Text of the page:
Crisis at CAABU: Aden Oral History Project Under Threat [Archives:2002/05/Reportage]

January 28 2002

By Karen Dabrowska
A financial crisis at the Council for the Advancement of Arab British Understanding (CAABU) suggests that the future of the Aden oral history project is under threat.
The project is an attempt to record the memories of Yemenis and British people who lived in Aden during colonial times and to ensure that both colonizers and colonized are given the opportunity to tell their side of the story and provide a balanced account for posterity.
I am now cooperating with Peter Hinchcliffe (former diplomat, ambassador to Jordan etc) to produce a book, which will be based on the oral history narratives, together with papers to which he has access (he was a political officer in the Western Aden Protectorate in the 1960s); we are in negotiations with a publisher, Holt told The Yemen Times.
I still have not carried out the interviews in Yemen but that is something I am keen to do in the very near future.
But this project, along with CAABU’s extensive lobby activities are under threat due to a financial crisis.
At a fund-raising press conference held in London on January 15th the council announced that unless funds are raised the organization faces closure in April 2002. This would be a savage blow to attempts to try to give Arabs a voice in British political and public life. With this in mind there will be fund-raising visits to the Arab world in the near future, the council said in a press statement.
CAABU is a non-profit organization dedicated to improving relations at all levels between Britain and the Arab World. It is unique in Europe, having been established as far back as 1967. The Council’s work is varied – from briefing British ministers and politicians, holding seminars and public meetings and giving talks at colleges and schools around the country.It has produced numerous briefing papers including Yemen: past glories and present challenges published in 1999.
After the events of 11 September, the Council’s vital work has never been needed more as the gulf of misunderstanding has clearly widened. According to one recent opinion poll, 83 per cent of the British population knows little or nothing about Islam. The Arab community both in Britain and in the Arab World feels tainted by the actions of the extremist minority. Their legitimate fears and concerns about many issues such as Palestine and the continued imposition of sanctions against Iraq must not be ignored.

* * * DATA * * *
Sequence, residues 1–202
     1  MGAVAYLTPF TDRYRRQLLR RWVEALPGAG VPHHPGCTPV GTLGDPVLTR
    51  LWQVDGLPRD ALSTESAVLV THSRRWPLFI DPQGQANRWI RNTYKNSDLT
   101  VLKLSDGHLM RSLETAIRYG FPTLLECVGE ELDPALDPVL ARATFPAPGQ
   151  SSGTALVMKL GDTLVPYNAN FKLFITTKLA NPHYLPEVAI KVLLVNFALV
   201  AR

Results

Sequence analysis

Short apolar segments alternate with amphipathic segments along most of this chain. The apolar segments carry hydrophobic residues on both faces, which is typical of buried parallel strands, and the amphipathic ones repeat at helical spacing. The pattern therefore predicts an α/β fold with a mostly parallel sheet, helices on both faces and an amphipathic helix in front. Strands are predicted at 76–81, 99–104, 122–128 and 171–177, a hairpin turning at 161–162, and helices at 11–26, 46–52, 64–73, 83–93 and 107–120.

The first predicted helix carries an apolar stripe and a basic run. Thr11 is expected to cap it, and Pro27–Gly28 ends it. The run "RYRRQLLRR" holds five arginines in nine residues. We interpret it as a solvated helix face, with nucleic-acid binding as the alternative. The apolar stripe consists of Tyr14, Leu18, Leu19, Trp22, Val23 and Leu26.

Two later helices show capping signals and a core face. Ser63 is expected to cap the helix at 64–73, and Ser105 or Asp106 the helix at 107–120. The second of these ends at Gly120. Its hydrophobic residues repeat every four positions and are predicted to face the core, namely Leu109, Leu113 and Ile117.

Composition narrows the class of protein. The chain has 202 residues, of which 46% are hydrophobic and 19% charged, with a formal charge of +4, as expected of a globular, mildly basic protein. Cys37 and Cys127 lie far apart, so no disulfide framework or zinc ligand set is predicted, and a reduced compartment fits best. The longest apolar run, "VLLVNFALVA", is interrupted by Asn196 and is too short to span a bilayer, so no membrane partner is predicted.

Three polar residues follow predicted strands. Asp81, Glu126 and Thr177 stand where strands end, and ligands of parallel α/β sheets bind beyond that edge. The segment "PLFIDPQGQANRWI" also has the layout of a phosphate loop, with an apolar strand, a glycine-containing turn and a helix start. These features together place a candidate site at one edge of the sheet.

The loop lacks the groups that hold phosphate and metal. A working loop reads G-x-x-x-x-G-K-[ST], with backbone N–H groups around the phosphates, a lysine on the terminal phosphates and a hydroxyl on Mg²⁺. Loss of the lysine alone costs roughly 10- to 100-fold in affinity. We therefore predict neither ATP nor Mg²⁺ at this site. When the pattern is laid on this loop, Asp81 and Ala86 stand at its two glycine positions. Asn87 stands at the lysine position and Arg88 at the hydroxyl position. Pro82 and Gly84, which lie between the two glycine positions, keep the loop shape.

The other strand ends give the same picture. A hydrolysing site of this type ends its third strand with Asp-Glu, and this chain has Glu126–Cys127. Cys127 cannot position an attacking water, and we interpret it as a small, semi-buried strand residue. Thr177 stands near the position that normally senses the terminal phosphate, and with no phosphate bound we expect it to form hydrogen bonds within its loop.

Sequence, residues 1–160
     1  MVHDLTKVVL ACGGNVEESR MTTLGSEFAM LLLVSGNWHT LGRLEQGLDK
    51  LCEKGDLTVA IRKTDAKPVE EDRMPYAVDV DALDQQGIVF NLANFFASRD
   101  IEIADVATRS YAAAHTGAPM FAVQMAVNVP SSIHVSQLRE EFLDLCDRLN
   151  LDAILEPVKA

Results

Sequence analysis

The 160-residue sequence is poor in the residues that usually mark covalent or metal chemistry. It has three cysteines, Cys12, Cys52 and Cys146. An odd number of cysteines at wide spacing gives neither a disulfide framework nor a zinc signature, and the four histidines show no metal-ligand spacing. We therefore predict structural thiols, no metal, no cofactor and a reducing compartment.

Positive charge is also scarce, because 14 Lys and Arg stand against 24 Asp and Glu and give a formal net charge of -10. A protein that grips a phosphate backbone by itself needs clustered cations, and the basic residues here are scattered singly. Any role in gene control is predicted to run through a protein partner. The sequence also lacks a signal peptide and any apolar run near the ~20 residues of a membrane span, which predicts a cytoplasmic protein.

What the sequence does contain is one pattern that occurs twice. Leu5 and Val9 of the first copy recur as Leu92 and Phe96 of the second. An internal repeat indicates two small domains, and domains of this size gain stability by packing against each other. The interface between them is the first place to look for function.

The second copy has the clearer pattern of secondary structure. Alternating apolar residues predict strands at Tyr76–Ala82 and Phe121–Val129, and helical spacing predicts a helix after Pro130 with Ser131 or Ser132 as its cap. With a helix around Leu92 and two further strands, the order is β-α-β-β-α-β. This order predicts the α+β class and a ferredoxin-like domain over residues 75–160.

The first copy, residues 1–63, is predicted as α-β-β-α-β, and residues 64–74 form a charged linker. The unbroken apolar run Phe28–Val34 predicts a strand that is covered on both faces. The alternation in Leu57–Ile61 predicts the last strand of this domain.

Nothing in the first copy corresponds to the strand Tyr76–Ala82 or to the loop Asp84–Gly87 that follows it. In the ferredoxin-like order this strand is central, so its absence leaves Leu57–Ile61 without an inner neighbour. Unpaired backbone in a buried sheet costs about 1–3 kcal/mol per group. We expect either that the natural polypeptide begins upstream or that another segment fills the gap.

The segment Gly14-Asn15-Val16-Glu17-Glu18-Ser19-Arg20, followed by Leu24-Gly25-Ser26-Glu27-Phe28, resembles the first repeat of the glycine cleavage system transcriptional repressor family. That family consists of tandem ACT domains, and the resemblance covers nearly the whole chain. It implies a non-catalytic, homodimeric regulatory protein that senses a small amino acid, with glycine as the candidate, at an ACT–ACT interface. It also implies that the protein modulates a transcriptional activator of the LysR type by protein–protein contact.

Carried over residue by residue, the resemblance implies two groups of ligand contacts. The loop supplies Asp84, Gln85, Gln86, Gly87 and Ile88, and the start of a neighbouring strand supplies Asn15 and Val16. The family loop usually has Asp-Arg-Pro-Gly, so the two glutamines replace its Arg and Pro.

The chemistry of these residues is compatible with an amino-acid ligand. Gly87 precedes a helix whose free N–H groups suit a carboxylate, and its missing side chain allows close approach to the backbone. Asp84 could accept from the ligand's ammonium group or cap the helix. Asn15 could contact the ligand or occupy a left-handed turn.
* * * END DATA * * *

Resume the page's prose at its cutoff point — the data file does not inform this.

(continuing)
Concern and dismay about the council’s plight has been voiced by prominent Arab personalities and by British intellectuals and academics. Some have been critical of CAABU prior to the launch of its extensive internet campaign but it is now recognized as a vital voice which puts forward the Arab-Islamic viewpoint.
The Director of the Centre of Islamic Studies at London University’s School of Oriental and African Studies (SOAS) Professor Abdel Haleem admitted that in the past he used to pay no attention to CAABU whatsoever. They were useless, just a few people sitting in an office and saying we would like to help the Arabs and we would like to understand them. In the past they did nothing but now they are starting to do something. I have seen them starting to put information on the internet and writing to the press, MPs and so on. This is useful and for that reason we could give them money for the next two years. CAABU has to put forward its program and they could get a budget for the next two or three years if they show the Arabs what they are going to do. I am prepared to go to any Arab country, to Arab governments, and explain to them what CAABU is doing and say they should be helped.
The Director of the Arab & Islamic Studies Institute at Exeter University, Professor Tim Niblock, pointed out that CAABU has played a positive role since it was established after the 1967 war when the need for it was great. It certainly deserves support. If one considers how public opinion in Britain has changed since the late 1960s one can see the very positive role played by CAABU.
But there is a feeling in the Arab world that they have given a lot of support and encouragement to organizations which promote understanding of their position yet things are going in reverse. That is understandable but one hopes it is a temporary phase.
A spokesperson for the Palestinian Liberation Organization (PLO) in London described CAABU as the best office for promoting Arab British understanding and establishing communication between the Arab communities and parliament. They have sent delegations of MPs to the Middle East area, not only to Palestine.
Dr Zaki Badawi, the principal of Londons Muslim College said the closure was a very serious matter. It will be a tragic blow to Muslim interests in Britain if an organization which is standing for Arab and Muslim causes is abandoned at this juncture by the Arabs and Muslims themselves.
The Secretary of the Media Committee at the Muslim Council of Britain, Inayat Bunglawala, said that is is regrettable that the only organization that we know of that is there to lobby for Arab cultures is facing financial difficulties. It really shows how lazy many Arab regimes are in putting forward their point of view to the public. It is a disastrous comment on the Muslim lobby in Britain compared to the Israeli lobby.###